The value of U.S. nonresidential construction starts leaped 43% from September 2016 to September 2017, the data-tracking firm ConstructConnect reported on October 12. The firm noted, "The big improvement in the latest period was thanks to go-aheads for three mega projects combining for a total of $17 billion....an Exxon Mobil petrochemical plant in Texas ($10 billion...); the new Delta Airlines Terminal at LaGuardia Airport in New York ($4 billion...); and the Atlantic Sunrise natural gas pipeline in Pennsylvania" ($3 billion). The cumulative value of starts from January through September increased 31.5% from the same months of 2016. In descending order of 2017 size, heavy engineering starts jumped 18%; commercial starts edged up 2.1%; institutional starts fell 14%; and the small industrial (manufacturing) category soared 542%. ConstructConnect and Dodge Data & Analytics report the full value of a project in the month it starts, information useful for knowing how much new activity is beginning. In contrast, the Census Bureau reports "value put in place," expenditures incurred each month a project is under construction, which contributes to estimates of gross domestic product and other "coincident" measures of activity.
The Architecture Billings Index score declined in September to 49.1, seasonally adjusted, down from a score of 53.7 in August, the American Institute of Architects (AIA) reported today. The index measures the percentage of surveyed architecture firms that reported higher billings than a month earlier, less the percentage reporting lower billings; any score below 50 indicates a decline in billings. AIA says the index "provides an approximately 9-to-12 month glimpse into the future of nonresidential construction spending activity." The scores for the four practice specialties (based on three-month moving averages) were all above 50: commercial/industrial, 54.0, down from 55.2 in August; mixed practice, 52.2, up from 50.6; institutional, 51.0, up from 50.4; and residential (mainly multifamily), 51.0, down from 52.3.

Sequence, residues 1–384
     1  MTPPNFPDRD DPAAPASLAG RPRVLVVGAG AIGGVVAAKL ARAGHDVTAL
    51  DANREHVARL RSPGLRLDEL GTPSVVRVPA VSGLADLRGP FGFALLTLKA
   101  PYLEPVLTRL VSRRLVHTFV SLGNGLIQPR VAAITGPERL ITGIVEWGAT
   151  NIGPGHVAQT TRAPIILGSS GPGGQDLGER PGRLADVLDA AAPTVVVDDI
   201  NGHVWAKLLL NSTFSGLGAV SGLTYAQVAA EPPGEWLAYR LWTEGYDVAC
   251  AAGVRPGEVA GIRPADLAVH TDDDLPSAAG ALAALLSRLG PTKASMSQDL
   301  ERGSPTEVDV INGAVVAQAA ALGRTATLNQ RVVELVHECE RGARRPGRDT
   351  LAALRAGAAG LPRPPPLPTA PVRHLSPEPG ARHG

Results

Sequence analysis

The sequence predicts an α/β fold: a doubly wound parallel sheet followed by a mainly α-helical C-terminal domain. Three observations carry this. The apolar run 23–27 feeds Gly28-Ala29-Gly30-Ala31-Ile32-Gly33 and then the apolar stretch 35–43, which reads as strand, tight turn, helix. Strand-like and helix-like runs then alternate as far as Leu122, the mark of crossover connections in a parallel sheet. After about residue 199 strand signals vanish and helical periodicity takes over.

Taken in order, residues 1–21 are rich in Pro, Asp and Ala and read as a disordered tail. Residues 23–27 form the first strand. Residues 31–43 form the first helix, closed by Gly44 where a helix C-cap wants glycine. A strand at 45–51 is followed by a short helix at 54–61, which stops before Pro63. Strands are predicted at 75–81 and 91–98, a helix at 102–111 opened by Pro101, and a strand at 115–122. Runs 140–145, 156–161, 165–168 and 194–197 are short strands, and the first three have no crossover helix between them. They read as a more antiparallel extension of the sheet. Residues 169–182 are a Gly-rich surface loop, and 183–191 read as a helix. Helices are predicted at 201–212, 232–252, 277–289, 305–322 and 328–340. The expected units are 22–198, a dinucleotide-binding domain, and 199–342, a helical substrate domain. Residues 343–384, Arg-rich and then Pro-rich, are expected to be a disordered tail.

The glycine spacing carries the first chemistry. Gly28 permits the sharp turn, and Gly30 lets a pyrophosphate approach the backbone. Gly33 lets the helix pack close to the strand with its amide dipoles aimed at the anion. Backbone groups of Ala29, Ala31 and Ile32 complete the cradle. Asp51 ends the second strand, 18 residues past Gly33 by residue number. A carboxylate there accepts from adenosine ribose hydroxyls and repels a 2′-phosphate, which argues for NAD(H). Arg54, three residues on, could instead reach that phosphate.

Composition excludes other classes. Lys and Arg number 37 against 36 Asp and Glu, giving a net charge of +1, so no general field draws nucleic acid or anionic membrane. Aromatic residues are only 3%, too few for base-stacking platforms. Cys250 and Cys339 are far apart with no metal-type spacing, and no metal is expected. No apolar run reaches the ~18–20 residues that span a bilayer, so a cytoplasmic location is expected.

Housing starts in September decreased 4.7% at a seasonally adjusted annual rate from the August rate, but were 6.1% higher than in September 2016. Year-to-date starts for the first nine months of 2017 combined rose 3.1% from the same months of 2016. Single-family starts slid 4.6% for the month but increased 5.9% y/y and 9.1% year-to-date. Multifamily starts (in buildings with five or more units) fell 6.2% for the month and 9.1% year-to-date, though they increased 7.9% y/y. Building permits, a fairly reliable indicator of near-term starts, decreased by 4.5% for the month and 4.3% y/y but rose 5.0% year-to-date. Single-family permits increased 2.4% for the month, 9.3% y/y and 9.7% year-to-date. Multifamily permits plunged 17% for the month, 25% y/y and 3.6% year-to-date. In September, Census posted a fact sheet about the impact of Hurricanes Harvey and Irma on permit authorizations; the sheet stated that September estimates for affected areas will be released on October 26.